“She knew everything that was happening or going to happen at the Center,” Harder said. “She was heavily invested in what we were doing. Miss Greenley played a big role in its development and was also present at our Field Days, meetings and other events.”

The Curators' Award was given to Miss Greenley by the University of Missouri for her dedication to education and agriculture.The Curators’ Award was given to Miss Greenley by the University of Missouri for her dedication to education and agriculture.

Miss Greenley was involved in the interview process when Harder was hired to take the superintendent role at the Research Center in 2014.

At last year’s Field Day, Harder and the team at Greenley wanted to find a way to show their admiration for Miss Greenley. The Center dedicated its newly constructed bridge in Miss Greenley’s honor. The group also unveiled a new sign for the Hortense Greenley Agronomy Building, a building Miss Greenley had a hand in supporting that was named in her honor.

“She was very generous,” Harder said. “Miss Greenley dedicated the two farms in honor of her parents, and it was important to recognize her generosity and commitment to agricultural research in northeast Missouri.”

Miss Greenley received the Curator’s Award from MU for her support of education and agriculture. She was also elected as an honorary agriculture alumnus of Mizzou. She was a charter member of the Monticello Society and the Jefferson Club.

Darcy Wells, senior executive director for advancement for CAFNR, first met Miss Greenley in 2003. Over the next decade, the two had lively conversations whenever they could.

“That first meeting in 2003 lasted seven hours, during which we toured every inch of the Greenley Research Center in her pickup truck,” Wells said. “We consumed several cans of Mountain Dew during that meeting. Miss Greenley was generous with her time and loved to share stories about growing up on the farm, her parents, her former students, her community, and occasionally, her politics. I was blessed to have many more lively conversations with her over the next 11 years.”

A Love of Giving

Miss Greenley became a resident of the Knox County Nursing Home in 2010, where Tim Schrage serves as the administrator. Miss Greenley had served as the principal when Schrage’s brothers were in school, but he never experienced high school under her leadership.

The Greenley Research Center in Novelty, Mo., has numerous pictures and awards displaying the life of Miss Hortense Greenley.The Greenley Research Center in Novelty, Mo., has numerous pictures and awards displaying the life of Miss Hortense Greenley.

“My older brothers were a little ornery,” Schrage said. “I remember going down and introducing myself to Miss Greenley when she first moved in. I was a little nervous because I knew my brothers had probably spent a lot of time in her office. We had a good laugh about them and a great friendship really began.”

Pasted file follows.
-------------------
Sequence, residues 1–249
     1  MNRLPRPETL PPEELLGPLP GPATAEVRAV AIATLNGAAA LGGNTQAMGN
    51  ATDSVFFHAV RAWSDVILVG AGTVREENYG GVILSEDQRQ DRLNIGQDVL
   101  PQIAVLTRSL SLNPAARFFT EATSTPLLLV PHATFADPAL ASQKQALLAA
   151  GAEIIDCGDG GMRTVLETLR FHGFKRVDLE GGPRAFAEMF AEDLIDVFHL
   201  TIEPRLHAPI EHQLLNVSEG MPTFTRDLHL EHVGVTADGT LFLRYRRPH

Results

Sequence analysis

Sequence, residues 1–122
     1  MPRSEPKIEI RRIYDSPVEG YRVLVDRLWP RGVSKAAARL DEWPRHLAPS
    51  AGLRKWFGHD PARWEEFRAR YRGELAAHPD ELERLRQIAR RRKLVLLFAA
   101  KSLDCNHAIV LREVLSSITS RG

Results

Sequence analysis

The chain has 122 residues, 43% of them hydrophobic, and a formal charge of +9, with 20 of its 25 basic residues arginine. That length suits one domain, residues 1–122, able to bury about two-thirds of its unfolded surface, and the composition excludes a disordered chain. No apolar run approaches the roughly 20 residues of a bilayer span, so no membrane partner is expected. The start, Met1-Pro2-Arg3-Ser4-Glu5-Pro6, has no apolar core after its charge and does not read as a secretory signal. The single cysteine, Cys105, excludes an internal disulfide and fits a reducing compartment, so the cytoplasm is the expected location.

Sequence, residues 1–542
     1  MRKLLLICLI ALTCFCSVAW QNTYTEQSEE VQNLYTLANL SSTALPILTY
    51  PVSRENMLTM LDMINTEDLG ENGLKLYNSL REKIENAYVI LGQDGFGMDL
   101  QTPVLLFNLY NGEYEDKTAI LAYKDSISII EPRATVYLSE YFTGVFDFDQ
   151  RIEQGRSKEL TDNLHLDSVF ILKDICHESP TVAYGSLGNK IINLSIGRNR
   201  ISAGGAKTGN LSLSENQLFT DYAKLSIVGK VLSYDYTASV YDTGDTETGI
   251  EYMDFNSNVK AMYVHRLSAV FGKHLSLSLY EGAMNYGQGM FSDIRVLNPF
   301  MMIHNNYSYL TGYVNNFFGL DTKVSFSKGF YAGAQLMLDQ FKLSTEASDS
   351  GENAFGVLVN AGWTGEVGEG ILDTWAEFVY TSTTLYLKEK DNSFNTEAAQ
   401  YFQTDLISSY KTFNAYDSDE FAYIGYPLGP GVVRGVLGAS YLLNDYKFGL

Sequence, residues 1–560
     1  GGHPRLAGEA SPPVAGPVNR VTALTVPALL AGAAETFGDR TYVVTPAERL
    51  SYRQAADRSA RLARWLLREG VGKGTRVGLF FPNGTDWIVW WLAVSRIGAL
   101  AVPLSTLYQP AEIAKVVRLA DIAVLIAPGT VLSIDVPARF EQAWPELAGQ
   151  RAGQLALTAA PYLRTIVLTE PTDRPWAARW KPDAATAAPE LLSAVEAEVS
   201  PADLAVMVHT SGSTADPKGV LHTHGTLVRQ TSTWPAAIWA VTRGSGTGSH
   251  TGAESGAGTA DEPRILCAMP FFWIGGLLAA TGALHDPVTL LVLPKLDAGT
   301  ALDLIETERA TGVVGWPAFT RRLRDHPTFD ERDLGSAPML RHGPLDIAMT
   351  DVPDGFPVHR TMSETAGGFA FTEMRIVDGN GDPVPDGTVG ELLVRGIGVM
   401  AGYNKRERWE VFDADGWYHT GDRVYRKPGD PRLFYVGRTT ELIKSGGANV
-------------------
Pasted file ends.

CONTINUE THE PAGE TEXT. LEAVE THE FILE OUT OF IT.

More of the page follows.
Schrage said that Miss Greenley loved watching ESPN. A problem popped up, though, when a local cable company went out of business. The cable system in the resident’s rooms changed and ESPN was too expensive to offer.

“I remember having to tell her about that,” Schrage said. “I really didn’t want to do it. She was disappointed because she really loved her sports, especially basketball.”

Schrage suggested that Miss Greenley try to attend a game at MU and watch the Tigers live. Miss Greenley liked the idea.

“She was doing really well at that time and showing improvements,” Schrage said. “We called Darcy and took a trip to Columbia. We ended up doing that two or three more times. She really, really enjoyed that.”

While Miss Greenley could have afforded to have ESPN beamed straight into her room, Schrage said she never complained about not having the channel.

“She didn’t want to have perks or stand out in any way,” he said.

The Greenley Research Center in Novelty, Mo., has numerous pictures and awards displaying the life of Miss Hortense Greenley.The Greenley Research Center in Novelty, Mo., has numerous pictures and awards displaying the life of Miss Hortense Greenley.

Miss Greenley left the Knox County Nursing Home a sizable gift as well. That gift is going to renovations, including an independent living building.

“Her gift to us is amazing,” Schrage said. “We’ll be able to do a lot of good with it. We can now move forward with our plans.”

Bradley was able to develop a relationship with Miss Greenley while she lived at the nursing home as well. Bradley serves on the board and got to know Miss Greenley in a deeper way.

“I was so grateful that I was able to form a relationship with Miss Greenley later in life,” Bradley said. “I was able to get to know her as a person, not as a principal. She still made me want to sit up straight in my chair, though.”

Along with gifts to CAFNR, Miss Greenley donated nearly $200,000 to the MU School of Medicine. She also made a legacy gift of nearly $1.2 million to Truman State University, which has led to the Grace Hortense Greenley Scholarship.

“Now that some of these gifts have come out, I do think people are a little surprised,” Harder said. “She has certainly left a lasting legacy.”